About Bruce VanWyngarden's Letter From the Editor, "Black and White and Read All Over" ...
[The Commercial Appeal's story] was a good read. Even at the turn of the 20th century, readers were complaining about the violence, murder, and mayhem in the paper. But then this has always been a bawdy, violent river town.
If the CA focused on investigative reporting while balancing its coverage with the good and the bad, it would be a thriving metropolitan daily. I firmly believe that the CA can stabilize and thrive within the Memphis MSA.
When I lived in Middle Tennessee, The Tennessean was the standard for anybody who followed Tennessee politics. Broadly, the economic model of print journalism is in decline. It truly is a shame, because there is so much benefit it brings to society.
Papers create a public space. In many ways, local papers are like the town square, where debates of the day on current topics of interest take place. That's why I think the comment sections of local papers are so important, and why I stopped my CA subscription when they went with their Facebook requirement. The primary value of my local paper to me is as a source for a curated discussion of things that might interest the local citizen. I am willing to pay for that, even if a new form of payment is necessary to keep the papers going. But I absolutely refuse to surrender my personal metadata to the Facebook abomination.
The Tennessean is awful. It is nowhere near the entity it once was. The CA is better at this point than The Tennessean. That said, I cancelled my subscription about two weeks ago to the CA. I was a 25-year subscriber, but I got tired of not receiving the paper in the morning and the customer service refusing to have it re-delivered.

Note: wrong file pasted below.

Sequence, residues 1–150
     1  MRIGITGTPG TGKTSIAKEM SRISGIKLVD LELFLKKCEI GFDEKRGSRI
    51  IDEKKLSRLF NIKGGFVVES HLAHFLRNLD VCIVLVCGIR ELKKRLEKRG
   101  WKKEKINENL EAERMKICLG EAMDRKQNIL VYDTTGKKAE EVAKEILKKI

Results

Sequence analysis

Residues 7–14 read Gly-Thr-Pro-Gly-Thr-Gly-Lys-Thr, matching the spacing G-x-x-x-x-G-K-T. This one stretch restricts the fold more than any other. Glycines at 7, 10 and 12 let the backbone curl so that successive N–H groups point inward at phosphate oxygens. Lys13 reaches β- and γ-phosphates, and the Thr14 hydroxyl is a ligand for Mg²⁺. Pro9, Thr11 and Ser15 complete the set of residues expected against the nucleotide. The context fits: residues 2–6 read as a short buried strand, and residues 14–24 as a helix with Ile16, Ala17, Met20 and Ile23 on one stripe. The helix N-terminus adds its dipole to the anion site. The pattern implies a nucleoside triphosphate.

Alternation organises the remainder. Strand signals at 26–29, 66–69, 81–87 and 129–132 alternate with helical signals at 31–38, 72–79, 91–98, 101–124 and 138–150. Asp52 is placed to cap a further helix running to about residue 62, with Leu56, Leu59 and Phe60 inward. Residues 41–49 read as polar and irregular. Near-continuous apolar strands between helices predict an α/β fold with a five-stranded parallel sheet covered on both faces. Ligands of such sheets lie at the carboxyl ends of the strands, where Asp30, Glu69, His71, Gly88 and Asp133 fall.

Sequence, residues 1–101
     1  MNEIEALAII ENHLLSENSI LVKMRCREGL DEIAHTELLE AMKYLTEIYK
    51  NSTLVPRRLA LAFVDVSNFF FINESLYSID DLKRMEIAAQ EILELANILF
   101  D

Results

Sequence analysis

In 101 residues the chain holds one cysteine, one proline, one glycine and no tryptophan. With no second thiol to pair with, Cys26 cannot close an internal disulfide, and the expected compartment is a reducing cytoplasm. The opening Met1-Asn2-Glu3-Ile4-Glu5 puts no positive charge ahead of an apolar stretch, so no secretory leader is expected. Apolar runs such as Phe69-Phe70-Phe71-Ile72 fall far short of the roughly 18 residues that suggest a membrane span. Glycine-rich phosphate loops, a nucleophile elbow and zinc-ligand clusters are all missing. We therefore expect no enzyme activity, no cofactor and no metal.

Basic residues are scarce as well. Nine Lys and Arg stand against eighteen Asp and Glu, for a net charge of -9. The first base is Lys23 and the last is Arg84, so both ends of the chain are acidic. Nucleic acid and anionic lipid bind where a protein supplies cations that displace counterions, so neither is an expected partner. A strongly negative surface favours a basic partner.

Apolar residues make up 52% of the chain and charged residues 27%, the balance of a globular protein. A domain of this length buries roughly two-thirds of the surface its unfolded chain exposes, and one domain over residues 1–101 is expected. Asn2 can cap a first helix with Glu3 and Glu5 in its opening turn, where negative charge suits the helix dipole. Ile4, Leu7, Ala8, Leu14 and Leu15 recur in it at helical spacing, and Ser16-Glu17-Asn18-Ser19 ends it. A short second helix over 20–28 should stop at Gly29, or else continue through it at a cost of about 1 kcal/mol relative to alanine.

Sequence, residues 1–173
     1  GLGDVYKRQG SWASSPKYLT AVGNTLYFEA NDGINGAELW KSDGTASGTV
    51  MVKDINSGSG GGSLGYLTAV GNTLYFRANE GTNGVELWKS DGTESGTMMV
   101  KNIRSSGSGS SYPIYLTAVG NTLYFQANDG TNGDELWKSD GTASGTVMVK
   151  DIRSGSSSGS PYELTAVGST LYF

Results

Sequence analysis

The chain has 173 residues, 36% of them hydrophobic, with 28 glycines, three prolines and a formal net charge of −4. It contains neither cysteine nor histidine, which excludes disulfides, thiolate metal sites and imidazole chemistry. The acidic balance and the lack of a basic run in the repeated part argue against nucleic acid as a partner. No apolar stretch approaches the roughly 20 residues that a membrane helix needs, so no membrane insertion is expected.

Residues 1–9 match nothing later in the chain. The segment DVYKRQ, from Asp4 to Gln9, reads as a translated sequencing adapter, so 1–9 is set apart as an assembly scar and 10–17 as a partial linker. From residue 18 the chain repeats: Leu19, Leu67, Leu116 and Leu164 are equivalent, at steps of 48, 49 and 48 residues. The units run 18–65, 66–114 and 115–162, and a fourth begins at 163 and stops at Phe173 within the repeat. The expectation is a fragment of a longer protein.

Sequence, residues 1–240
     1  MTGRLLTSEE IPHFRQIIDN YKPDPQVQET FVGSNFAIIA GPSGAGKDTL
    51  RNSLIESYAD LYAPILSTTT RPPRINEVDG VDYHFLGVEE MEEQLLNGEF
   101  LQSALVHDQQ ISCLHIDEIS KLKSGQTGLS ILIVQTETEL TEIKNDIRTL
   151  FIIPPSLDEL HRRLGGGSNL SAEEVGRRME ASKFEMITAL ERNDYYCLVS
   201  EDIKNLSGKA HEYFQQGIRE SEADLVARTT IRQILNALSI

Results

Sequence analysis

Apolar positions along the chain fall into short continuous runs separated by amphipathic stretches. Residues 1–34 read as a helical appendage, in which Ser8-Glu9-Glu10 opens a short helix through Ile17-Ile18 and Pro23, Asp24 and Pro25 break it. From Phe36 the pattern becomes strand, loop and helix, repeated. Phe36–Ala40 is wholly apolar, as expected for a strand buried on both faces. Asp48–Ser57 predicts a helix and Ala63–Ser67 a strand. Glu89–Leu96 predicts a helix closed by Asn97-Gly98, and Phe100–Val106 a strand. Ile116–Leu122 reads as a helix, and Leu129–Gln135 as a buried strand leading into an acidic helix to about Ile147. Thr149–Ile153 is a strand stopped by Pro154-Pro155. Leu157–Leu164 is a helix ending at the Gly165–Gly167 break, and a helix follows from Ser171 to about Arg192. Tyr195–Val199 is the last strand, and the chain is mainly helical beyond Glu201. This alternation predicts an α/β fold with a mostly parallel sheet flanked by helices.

About the Flyer editorial, "Memphis Zoo Study Provokes Controversy" ...
The economic impact of the Memphis Zoo seems to be wildly overstated. The lack of empirical data and the multitude of assumptions leave the results of the study questionable. The tens of millions of tax dollars poured into the zoo have resulted in a shortage of dollars for other projects which would benefit Memphians. The zoo must begin to show a profit. If that is not possible given the current management structure, new managers are required. We must not continue to fund year after year deficits to the detriment of every other park program.
The zoo makes roughly $17 million in revenue. Suggesting that it has a multiplicative effect as it works through the Memphis economy is pretty standard in economic impact assessments. Questions about the amount of that multiplier we can leave to economists to argue over. Suggesting that it brings in additional business not seen in zoo revenues, since it is Memphis' No. 1 tourist attraction, should be expected. Are we to believe everyone comes to the zoo, then goes and never does anything else?
The great majority of the out-of-Memphis visitors to the zoo come from West Tennessee, North Mississippi, and Arkansas. They come to the zoo, buy McDonald's for the kids, leave the wrappers on the Greensward where they park, and return home from the zoo with exhausted children.
The zoo needs to produce its surveys, which are the raw data for this study. Who did they survey? How did they survey? When did they survey? It is high time that the taxpayers of this city stopped subsidizing the zoo to the tune of around $4,000,000 a year. That money would go a long way to funding a fire and police pension and to fixing our city parks for the benefit of our children and our citizens.
About a visit to Memphis ...
Last week I had the pleasure of travelling to Memphis from Ottawa, Canada. I went to Graceland, the Bass Pro Pyramid, BBQ festival, and several restaurants.
What my Google search failed to disclose was the polite, kind, and terrific people I would meet along the way. Without exception, everyone in the service industry was fantastic. Memphis police and several others stood out as being well above what I expected.
Great job. I will certainly return.
Paul Gagnon, Ottawa Ontario